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How To Relieve Your Dog’s Stress & Keep Them Entertained

The holidays are great fun (and for some, great stress). The same is true for our fur-babies. While you may enjoy having a houseful of friends and family who are gathering around the table for meals, opening gifts, spending the nights and bringing “chaos” to your home, this can be a stressful time for your dog.

A houseful of strangers can lead to anxiety and even “bad” behaviors from your normally well-behaved dog (and cat). We have tips on how to entertain and relieve your dog’s stress during these holiday weeks. These tips are ideal for any family gathering no matter when it happens throughout the year.

Understand that your dog isn’t being bad. He or she is nervous and if the family routine has been upended, you may find your dog is making messes in the house, jumping on your guests, barking, chewing inappropriate items, pacing, not eating and a host of other behaviors related to being stressed out and anxious.

When you look at a holiday gathering from your dog’s point of view (in some cases literally) you notice that for a tiny dog, all he sees is ankles and feet. He runs the risk of getting stepped on or tripped over. A big dog who may not seem rambunctious when it’s just your family at home, may find herself running into tables or furniture that has been moved to accommodate guests. She may even inadvertently bump into a small child and that could lead to the child crying or falling down and someone yelling at your pup.

Protect your pup. Protect your guests. Give your dog breathing room and don’t put him in a position in which he may cause injury or be injured.

  • Give your dog an escape route. If your dog loves to be in his crate, make sure it is in a location he can get into it and get away from everyone and everything. Make sure your guests understand that when your dog is in his crate, he needs to, and wants to, be left alone. Get your dog accustomed to his crate being in a different, more secluded location, prior to your guests arriving. Don’t introduce another stressor into his already stressed out self.
  • No table scraps. Tell guests your dog is not to be fed table scraps. Even if your dog has an “iron gut” being fed certain foods from the table could lead to injury or in extreme cases, death (chocolate, for example can lead to toxicity). Feed your dog in a separate space from where the guests are gathering. She will appreciate being able to eat in peace.
  • Put your dog in a separate room — whether in a crate or not — and turn on DOGTV. The soothing sights and sounds of DOGTV will calm an anxious dog and distract her from the noises of the guests. You can get your first month FREE with our PetHub Perk!
  • Take your dog for a walk. Get your dog out of the house, and preferably on a walk alone with you. The exercise will help calm his nerves. A tired dog is a good dog. A walk with just the two of you — or other family members with whom she’s comfortable will go a long way in helping alleviate anxiety and helping soothe her frazzled nerves. Also, spending time alone with your pup in the midst of a chaotic holiday season is a great way to bond.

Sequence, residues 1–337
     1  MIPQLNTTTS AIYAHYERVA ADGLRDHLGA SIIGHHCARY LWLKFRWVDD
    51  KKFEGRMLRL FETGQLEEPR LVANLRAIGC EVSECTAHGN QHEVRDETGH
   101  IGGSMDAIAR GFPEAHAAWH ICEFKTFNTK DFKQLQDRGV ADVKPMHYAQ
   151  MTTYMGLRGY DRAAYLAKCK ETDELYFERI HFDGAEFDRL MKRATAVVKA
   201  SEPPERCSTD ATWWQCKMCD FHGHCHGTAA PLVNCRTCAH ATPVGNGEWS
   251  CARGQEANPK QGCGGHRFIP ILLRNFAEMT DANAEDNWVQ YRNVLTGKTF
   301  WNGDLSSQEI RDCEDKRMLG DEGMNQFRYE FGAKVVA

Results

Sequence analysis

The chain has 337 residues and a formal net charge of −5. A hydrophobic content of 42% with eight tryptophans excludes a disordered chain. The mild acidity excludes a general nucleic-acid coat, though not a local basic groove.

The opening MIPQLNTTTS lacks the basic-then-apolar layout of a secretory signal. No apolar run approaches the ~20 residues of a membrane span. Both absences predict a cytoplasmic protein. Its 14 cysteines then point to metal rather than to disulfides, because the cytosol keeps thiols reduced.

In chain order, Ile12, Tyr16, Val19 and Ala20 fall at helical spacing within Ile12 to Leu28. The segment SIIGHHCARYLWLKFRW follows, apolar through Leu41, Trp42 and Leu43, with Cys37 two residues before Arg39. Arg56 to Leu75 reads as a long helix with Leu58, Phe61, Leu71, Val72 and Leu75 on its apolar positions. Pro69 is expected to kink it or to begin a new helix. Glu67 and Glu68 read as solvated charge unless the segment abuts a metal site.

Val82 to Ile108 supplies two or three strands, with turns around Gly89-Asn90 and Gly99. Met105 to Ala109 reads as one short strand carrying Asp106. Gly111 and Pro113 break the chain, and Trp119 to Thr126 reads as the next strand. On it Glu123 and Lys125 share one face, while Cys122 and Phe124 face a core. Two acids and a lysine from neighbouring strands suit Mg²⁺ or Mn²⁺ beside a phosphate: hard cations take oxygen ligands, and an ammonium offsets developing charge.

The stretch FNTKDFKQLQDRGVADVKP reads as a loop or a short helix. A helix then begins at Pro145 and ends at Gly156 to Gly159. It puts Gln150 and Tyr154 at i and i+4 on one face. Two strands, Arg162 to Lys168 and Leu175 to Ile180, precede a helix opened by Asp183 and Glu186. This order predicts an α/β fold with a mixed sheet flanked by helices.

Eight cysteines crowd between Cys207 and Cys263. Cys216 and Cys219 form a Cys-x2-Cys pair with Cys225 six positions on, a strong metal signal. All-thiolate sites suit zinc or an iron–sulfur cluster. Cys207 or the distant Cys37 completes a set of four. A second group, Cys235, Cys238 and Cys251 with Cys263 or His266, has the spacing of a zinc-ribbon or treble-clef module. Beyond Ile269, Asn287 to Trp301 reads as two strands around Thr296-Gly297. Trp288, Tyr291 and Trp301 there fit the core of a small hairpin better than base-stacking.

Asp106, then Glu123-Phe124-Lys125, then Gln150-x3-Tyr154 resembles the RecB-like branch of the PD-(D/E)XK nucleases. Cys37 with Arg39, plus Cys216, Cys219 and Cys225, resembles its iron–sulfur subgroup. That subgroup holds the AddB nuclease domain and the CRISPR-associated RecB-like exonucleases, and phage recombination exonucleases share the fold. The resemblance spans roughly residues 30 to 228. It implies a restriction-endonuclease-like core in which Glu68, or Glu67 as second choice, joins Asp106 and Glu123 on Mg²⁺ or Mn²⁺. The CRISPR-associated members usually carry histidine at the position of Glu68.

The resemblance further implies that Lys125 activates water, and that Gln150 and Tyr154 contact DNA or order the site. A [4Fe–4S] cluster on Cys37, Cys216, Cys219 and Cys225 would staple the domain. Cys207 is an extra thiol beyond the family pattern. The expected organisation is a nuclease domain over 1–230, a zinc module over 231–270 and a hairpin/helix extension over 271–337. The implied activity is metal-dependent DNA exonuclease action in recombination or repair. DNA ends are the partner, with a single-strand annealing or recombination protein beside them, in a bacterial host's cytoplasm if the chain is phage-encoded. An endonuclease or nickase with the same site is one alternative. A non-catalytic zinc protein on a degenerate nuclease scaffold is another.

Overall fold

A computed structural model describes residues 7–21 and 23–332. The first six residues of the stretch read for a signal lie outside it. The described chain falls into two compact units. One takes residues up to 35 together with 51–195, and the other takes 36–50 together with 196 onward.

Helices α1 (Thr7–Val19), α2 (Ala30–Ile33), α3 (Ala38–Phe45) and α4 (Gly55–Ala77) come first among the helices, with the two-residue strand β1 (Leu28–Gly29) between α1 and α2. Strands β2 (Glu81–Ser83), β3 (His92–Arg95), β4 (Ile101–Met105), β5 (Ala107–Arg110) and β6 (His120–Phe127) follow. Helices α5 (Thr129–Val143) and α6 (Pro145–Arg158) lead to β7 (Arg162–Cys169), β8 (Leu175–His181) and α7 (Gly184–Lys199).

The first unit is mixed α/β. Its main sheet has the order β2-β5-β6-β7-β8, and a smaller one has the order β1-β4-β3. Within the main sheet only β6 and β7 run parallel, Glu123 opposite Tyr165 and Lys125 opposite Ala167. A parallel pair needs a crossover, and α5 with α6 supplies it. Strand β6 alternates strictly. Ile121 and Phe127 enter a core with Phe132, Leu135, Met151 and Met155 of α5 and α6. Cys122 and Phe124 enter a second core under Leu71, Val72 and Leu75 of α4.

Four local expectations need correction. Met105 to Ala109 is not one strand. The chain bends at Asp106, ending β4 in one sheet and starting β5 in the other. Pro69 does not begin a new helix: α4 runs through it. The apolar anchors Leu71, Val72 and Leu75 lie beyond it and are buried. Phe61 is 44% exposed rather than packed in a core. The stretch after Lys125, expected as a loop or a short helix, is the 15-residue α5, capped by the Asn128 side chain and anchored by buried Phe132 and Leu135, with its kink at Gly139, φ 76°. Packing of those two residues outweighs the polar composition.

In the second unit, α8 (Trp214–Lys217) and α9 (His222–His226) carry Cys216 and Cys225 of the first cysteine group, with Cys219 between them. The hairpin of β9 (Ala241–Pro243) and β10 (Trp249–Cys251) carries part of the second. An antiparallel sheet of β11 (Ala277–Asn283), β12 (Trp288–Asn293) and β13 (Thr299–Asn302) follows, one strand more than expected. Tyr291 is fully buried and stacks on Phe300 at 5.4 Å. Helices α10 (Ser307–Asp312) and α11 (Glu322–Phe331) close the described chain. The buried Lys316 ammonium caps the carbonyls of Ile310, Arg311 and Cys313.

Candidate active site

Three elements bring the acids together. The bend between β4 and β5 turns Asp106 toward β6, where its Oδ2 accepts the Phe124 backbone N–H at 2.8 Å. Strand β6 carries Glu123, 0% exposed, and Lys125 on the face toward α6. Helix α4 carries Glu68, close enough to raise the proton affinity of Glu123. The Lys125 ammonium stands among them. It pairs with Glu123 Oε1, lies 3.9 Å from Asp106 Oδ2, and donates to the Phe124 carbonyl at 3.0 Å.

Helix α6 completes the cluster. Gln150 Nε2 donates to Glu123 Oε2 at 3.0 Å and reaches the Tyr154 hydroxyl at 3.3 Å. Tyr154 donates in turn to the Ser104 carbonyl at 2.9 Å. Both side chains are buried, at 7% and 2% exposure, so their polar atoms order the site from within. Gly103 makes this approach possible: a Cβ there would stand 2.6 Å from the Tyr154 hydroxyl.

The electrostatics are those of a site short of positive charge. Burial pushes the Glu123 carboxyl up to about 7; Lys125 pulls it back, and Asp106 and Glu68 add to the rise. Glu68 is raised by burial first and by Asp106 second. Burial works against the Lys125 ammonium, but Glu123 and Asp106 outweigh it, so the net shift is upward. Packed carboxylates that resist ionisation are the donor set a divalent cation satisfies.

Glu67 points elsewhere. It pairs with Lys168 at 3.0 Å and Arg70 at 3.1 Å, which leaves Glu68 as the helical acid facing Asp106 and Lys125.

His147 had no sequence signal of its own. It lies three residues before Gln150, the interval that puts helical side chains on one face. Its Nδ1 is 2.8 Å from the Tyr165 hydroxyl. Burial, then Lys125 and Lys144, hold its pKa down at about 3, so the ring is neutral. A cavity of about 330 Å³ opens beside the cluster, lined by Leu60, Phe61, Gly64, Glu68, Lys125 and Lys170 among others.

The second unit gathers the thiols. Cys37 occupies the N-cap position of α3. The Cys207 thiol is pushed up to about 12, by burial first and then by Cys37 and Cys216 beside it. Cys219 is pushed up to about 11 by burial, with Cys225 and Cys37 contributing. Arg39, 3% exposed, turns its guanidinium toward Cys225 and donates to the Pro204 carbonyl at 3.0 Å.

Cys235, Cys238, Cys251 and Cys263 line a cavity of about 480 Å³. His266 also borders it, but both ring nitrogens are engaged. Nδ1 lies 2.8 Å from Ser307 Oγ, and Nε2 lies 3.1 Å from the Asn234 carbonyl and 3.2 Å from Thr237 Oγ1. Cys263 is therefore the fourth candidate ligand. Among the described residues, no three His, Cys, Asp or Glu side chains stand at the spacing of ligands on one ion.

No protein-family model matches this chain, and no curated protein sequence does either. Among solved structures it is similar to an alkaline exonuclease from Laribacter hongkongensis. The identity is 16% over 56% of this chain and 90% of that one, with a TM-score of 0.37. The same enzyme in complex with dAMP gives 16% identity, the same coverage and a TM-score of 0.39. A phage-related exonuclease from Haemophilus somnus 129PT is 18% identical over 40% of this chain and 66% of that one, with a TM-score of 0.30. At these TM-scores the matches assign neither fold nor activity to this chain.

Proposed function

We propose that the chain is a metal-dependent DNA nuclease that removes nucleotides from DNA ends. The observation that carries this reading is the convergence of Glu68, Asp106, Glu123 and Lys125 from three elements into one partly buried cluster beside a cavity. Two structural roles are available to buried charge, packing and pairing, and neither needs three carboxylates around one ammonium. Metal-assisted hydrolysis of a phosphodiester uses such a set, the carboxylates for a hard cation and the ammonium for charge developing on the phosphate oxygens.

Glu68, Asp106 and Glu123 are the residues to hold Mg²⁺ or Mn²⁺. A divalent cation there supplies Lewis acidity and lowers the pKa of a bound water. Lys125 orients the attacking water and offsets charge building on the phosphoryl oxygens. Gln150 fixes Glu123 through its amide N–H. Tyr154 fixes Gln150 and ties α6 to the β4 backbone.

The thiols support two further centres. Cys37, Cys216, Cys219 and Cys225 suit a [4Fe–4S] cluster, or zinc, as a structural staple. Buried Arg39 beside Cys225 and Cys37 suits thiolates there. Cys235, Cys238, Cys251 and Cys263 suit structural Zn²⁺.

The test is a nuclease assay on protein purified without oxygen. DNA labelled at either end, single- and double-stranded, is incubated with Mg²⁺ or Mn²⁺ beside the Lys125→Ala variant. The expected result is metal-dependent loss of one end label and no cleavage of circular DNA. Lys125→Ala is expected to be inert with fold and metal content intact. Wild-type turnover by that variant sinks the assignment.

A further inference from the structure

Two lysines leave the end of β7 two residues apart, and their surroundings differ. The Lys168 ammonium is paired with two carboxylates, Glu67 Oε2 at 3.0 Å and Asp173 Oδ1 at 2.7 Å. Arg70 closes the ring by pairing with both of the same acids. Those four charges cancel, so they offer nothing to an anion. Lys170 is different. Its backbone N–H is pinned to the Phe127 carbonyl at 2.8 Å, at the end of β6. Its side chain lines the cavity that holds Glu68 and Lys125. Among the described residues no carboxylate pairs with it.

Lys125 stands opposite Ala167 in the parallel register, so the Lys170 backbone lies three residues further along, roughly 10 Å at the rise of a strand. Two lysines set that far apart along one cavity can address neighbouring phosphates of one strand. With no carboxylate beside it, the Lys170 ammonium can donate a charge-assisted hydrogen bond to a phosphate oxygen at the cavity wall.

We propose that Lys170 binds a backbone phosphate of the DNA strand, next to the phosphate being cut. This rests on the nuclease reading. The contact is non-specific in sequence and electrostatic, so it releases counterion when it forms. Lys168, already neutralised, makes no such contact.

• Give your dog a new toy or treat. Distract your dog by giving her a new toy or treat. If she usually only gets food puzzles or other toys that make her work for her treats when you’re leaving her home alone, treat her to this snack when you’re home and when the guests arrive. Make sure no one tries to take the toy or treat away (a young child may feel he or she can play tug of war and you don’t want to put anyone in the potential of harm’s way)
  • Don’t forget about fireworks. Fireworks are becoming a part of New Year’s Eve celebrations — protect your pup! If you know your dog is scared of the fireworks at the Fourth of July, he will be scared of the fireworks that are becoming a part of New Year’s Eve celebrations, too. If this is the case, when the countdown to the new year starts or when your city starts setting off the fireworks, make sure your dog is in a safe, quiet space. Turn on DOGTV, the radio or other sound to distract her. Dog trainer, Geralyn Cada of GC Pet Style of Life says, “CBD oils and products can work to calm your dog during fireworks or other stressful times in your dog’s life. Talk with your vet, look for high-quality CBD products and use them in conjunction with calming shirts, quiet rooms and with your own calming presence.”
  • Ask your vet. Know that your neighbors just might be setting off their own fireworks and the entire night could be scary for a dog who suffers fireworks anxiety. Ask your veterinarian for advice on helping relax your dog during the potential New Year’s Eve fireworks.

Other ways to keep your fur baby safe include:

  • Keeping them away from open doors so they can’t escape.
  • Keep their collar on at all times in case they do escape. And make sure you have an external ID tag on your pets, like the digital ID tags from PetHub, to help make sure they get home as fast as possible.
  • Pay attention to your dog’s body language and remove them if you notice they are panting, trying to get away, hiding, growling or their ears are flattened back. It is your responsibility to keep your dog out of situations in which he could injure someone simply because they're nervous. Learn more about how you can read your pet’s body language.
  • Put your dog’s crate, toys and food and water dishes out of the way of foot traffic.
  • Find time during the day to sit and reassure your pup. They will appreciate some quiet time (or a walk) alone with you.



Find the original article HERE.

written by Robbi Hess/DogTV